One of the hottest topics in the technology world today is what role a Business Analyst plays in agile software development and project management. Within the context of the Scrum method for doing agile work, the question is whether the BA can fit any of the primary three roles (Scrum Master, Product Owner, or Development Team Member). The Business Analyst isn’t mentioned as one of the three, so what is a BA to do if they want to do a great job in a Scrum Master role?
And if the BA is applying for a Scrum Master job, what skills should the Business Analyst showcase on their resume to make the case they’re the best fit for the position?
I happen to think business analysis is such a versatile field, one that employs such highly useful skills, that a BA can succeed brilliantly in any of the essential Scrum roles. So, let’s start with the Scrum Master.
Rule #1 For Succeeding in A Scrum Master Role as a Business Analyst
The #1 rule for succeeding in the role is to remember your key function as Scrum Master: you are a servant leader whose purpose is to solve problems and remove obstacles. Doing this successfully helps ensure delivery of the project.
That may sound different from what a BA normally does, but it really isn’t. Consider a couple of things that a BA does in the typical BA job:
- Why does a BA gather requirements? To solve the problem of describing what a business solution is supposed to do.
- Why does a BA conduct a JAD session? To resolve the obstacle of people not talking to, and understanding, one another because of lack of coordination.
See what I mean? The Business Analyst’s role is also to solve problems and remove obstacles. That makes the BA a natural fit when reaching for a Scrum Master role.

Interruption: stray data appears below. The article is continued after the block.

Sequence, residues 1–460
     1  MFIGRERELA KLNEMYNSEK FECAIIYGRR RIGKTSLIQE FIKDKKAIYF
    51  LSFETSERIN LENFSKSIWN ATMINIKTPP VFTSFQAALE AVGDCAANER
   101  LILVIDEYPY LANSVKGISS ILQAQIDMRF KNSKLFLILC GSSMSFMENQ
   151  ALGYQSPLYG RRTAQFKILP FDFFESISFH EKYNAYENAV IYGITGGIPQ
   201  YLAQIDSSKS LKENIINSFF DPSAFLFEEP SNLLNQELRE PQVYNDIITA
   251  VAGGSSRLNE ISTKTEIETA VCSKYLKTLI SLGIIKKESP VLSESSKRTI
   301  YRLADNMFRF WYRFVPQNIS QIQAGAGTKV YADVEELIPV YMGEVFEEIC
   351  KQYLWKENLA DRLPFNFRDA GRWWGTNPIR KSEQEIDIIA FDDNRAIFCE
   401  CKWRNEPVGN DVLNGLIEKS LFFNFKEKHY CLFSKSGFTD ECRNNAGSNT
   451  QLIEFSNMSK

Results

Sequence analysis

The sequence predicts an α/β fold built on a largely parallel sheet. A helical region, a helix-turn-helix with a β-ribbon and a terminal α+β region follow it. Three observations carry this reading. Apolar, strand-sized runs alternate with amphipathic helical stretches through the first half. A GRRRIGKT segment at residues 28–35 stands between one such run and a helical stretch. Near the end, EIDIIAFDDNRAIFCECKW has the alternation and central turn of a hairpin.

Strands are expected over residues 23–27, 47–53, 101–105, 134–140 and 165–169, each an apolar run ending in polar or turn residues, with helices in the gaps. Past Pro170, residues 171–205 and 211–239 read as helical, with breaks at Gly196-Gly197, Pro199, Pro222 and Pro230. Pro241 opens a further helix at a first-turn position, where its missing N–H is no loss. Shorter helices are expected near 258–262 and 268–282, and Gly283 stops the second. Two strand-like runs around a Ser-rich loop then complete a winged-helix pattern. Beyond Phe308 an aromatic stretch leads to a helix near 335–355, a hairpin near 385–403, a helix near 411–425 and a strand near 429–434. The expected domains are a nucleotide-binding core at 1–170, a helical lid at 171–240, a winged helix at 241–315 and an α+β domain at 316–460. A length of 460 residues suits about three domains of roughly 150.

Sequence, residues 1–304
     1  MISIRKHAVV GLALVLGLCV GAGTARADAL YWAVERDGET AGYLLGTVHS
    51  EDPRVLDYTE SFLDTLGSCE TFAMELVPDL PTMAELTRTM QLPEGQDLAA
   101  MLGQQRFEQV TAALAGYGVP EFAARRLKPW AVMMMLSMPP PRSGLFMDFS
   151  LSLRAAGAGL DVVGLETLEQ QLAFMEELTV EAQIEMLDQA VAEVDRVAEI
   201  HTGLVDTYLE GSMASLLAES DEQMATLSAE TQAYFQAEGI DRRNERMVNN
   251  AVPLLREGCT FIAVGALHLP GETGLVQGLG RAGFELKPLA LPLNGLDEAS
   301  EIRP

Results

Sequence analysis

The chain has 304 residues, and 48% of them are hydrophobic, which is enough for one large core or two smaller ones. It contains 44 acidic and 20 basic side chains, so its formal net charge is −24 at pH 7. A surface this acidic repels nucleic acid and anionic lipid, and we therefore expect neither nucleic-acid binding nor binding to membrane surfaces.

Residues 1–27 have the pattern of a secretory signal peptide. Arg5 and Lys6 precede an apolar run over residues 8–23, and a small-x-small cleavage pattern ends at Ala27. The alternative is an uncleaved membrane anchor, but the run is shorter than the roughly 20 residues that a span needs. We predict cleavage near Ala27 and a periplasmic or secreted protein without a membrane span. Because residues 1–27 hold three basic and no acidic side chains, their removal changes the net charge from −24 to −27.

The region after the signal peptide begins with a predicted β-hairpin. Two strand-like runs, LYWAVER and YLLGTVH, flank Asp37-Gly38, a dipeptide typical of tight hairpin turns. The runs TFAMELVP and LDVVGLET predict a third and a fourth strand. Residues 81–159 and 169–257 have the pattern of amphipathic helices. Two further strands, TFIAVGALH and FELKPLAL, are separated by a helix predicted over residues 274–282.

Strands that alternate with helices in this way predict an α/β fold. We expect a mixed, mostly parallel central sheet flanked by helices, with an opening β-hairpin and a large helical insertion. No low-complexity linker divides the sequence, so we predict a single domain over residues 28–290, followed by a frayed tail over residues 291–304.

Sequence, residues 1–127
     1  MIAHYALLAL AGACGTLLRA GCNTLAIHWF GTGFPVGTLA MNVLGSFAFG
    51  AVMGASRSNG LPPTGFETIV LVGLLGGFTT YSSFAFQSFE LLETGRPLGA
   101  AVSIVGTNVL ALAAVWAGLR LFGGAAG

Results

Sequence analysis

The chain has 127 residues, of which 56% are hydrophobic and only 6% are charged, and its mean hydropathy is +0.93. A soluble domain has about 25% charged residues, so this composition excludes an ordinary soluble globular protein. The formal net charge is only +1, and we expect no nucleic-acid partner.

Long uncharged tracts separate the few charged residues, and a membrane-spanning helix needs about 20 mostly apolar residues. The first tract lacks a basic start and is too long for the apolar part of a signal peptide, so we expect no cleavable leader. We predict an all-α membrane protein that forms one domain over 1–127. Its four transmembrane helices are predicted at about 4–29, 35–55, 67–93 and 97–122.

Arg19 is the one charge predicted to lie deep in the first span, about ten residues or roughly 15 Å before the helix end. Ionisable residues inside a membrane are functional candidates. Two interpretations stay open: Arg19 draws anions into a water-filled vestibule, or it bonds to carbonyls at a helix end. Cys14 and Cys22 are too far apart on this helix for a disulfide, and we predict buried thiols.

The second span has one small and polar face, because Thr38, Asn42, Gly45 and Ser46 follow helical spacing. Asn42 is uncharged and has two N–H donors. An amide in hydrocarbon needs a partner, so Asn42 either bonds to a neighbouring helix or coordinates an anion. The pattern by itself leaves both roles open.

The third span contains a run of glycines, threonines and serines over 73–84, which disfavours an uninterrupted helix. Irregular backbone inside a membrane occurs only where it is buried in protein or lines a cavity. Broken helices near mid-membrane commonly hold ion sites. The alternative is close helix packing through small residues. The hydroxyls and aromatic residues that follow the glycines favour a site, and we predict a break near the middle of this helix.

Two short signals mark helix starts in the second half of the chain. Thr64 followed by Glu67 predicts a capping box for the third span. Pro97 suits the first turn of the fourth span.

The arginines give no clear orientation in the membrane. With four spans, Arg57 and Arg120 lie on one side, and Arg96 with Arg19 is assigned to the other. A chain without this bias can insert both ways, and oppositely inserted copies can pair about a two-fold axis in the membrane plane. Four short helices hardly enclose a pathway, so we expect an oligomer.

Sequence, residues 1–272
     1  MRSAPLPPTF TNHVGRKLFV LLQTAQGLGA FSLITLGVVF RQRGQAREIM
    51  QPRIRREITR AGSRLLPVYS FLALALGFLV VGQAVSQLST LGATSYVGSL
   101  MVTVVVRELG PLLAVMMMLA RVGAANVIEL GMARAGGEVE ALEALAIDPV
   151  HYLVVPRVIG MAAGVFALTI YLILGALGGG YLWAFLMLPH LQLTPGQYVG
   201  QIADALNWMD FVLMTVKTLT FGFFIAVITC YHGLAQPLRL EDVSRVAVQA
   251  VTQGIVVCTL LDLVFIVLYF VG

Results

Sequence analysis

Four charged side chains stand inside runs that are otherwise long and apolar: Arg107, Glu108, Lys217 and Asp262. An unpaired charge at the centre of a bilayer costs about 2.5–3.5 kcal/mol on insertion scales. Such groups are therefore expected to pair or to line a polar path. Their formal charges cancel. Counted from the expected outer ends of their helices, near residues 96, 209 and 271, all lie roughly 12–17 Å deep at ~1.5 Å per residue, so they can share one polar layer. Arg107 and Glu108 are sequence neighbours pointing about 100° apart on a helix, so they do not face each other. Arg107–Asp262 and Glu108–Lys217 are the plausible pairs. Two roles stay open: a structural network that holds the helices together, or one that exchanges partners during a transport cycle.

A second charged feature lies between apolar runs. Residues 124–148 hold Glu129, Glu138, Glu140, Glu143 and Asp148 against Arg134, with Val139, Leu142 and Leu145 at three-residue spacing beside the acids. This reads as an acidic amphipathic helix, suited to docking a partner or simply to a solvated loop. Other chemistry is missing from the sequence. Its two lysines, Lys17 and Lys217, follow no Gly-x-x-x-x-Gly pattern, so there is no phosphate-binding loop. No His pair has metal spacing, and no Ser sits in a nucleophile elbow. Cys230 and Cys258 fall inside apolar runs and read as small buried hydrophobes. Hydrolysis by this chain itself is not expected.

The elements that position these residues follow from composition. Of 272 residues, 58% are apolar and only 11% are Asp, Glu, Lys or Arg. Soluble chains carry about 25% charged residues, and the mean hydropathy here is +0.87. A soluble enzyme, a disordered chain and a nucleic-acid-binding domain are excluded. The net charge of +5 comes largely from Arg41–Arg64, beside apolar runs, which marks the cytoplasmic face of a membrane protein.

There are some differences, though. The Scrum environment is intensely collaborative. Many tasks that a BA might have previously done alone, like gathering or managing requirements, can now be a team effort. In the Scrum environment, then, the BA can expect to lead problem solving by facilitating group collaboration and helping to arrive at a consensus.
Business Analyst as Scrum Master: Facilitating Meetings
The BA is no stranger to facilitating meetings. Conducting JAD sessions, interviewing business reps, resolving stakeholder conflicts, fielding questions from executives. The BA does it all. That experience with running and facilitating meetings serves the BA very well when stepping into the Scrum Master role.
Scrum requires several different meetings. They include the daily stand up, product backlog review meetings, and sprint review meetings. While the purpose of each meeting varies, the end goal is the same: resolve problems and move the project forward to conclusion.
The Scrum Master is expected to facilitate these meetings and run down the solution to the problems participants encounter. The BA-as-Scrum Master knows how to do this in spades.
Business Analyst as Scrum Master: Identifying and Working with Stakeholders
The BA’s experience in identifying and working with stakeholders comes in very handy in the Scrum environment. If the BA is assuming a Scrum Master role in the same environment they were was in before, they may have lots of institutional knowledge to draw upon. That can only help in identifying essential stakeholders.
But even if the BA is new in the organization, having a BA’s knowledge is essential in identifying and working with stakeholders. A BA knows when to bring in a customer, a user, a business sponsor, or executive at precisely the right moment in time. These stakeholders will eventually want to (or need to) interact with the Scrum team’s activities. The BA-as-Scrum Master knows the right person to bring in for the right purpose at the right time.